|Canton||Val de Lorraine Sud|
|Intercommunality||Communauté de Communes du Bassin de Pompey|
|• Mayor (2008–2014)||Eric Paillet|
|10.63 km2 (4.10 sq mi)|
|• Density||160/km2 (420/sq mi)|
|Time zone||UTC+01:00 (CET)|
|• Summer (DST)||UTC+02:00 (CEST)|
|Elevation||182–361 m (597–1,184 ft) |
(avg. 295 m or 968 ft)
|1 French Land Register data, which excludes lakes, ponds, glaciers > 1 km2 (0.386 sq mi or 247 acres) and river estuaries. 2 Population without double counting: residents of multiple communes (e.g., students and military personnel) only counted once.|
One of the first references to Marbache is dated 896, written by Zwentibold, 1st Duke of Lotharingia, who called it "Merbechia". It becomes "Marbage" in 1181 and "Marbaiche" in 1333. In the 12th century a priory was built in Marbache by the Premonstratensians of the Abbaye de Sainte-Marie-au-Bois. There is an inscription carved in stone, dated 1141, above the entrance porch.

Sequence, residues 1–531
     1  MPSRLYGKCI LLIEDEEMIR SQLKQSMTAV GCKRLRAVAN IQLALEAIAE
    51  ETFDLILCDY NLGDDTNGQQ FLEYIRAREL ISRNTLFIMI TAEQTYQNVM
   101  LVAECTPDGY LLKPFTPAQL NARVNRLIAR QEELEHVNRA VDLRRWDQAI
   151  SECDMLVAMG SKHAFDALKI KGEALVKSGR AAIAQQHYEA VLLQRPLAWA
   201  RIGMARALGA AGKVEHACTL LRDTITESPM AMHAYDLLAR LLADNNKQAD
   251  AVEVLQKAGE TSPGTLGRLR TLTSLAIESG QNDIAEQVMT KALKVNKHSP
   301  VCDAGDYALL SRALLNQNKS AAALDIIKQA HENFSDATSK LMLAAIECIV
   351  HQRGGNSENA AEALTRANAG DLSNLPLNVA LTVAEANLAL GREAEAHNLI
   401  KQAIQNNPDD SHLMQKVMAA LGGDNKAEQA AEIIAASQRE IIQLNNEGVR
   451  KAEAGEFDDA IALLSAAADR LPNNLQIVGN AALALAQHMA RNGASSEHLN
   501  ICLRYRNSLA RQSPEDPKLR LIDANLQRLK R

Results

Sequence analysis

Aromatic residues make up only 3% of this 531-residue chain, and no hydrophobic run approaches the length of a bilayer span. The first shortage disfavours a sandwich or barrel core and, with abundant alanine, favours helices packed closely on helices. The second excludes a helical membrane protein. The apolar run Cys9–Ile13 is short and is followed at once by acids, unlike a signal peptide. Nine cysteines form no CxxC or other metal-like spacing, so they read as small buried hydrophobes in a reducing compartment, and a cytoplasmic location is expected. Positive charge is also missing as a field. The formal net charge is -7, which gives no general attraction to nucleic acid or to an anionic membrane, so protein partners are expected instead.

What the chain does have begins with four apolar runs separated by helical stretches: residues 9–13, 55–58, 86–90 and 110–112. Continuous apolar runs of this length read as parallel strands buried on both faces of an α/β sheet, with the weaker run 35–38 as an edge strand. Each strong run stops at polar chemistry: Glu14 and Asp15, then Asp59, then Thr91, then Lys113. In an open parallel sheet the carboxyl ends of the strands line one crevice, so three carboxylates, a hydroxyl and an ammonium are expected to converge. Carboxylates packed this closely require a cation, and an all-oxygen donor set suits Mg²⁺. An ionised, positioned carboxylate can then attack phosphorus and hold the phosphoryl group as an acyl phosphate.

In 1850 Marbache was a small village of winegrowers. That year the railway was built past the village, and rock was extracted from the valley walls to obtain material for the railway bed. The rock contained iron, and after surveys the Société des Mines de Marbache was created to exploit it. The Pont-à-Mousson company was created in 1856 by a group of Lorraine businessmen to use the ore to manufacture cast iron. Xavier Rogé was the manager. In 1862 the enterprise was liquidated due to lack of sufficient capital to cover the high investment expenses.
Rogé managed to raise capital in the Saarland and restart the business, selling most of its production to forges in the Ardennes and Champagne. In 1866 Rogé visited England and became aware of the new and promising market for cast-iron water pipes. He focused the company on pipe production, and found a ready market when cities began to make large investment in water supply after 1871. Rogé was succeeded by Camille Cavallier, who transformed the moderately sized cast iron pipe manufacturer into a giant, always concentrating on making pipes. Mining at Marbache ended in 1957.
|Wikimedia Commons has media related to Marbache.|
|This Meurthe-et-Moselle geographical article is a stub. You can help Wikipedia by expanding it.|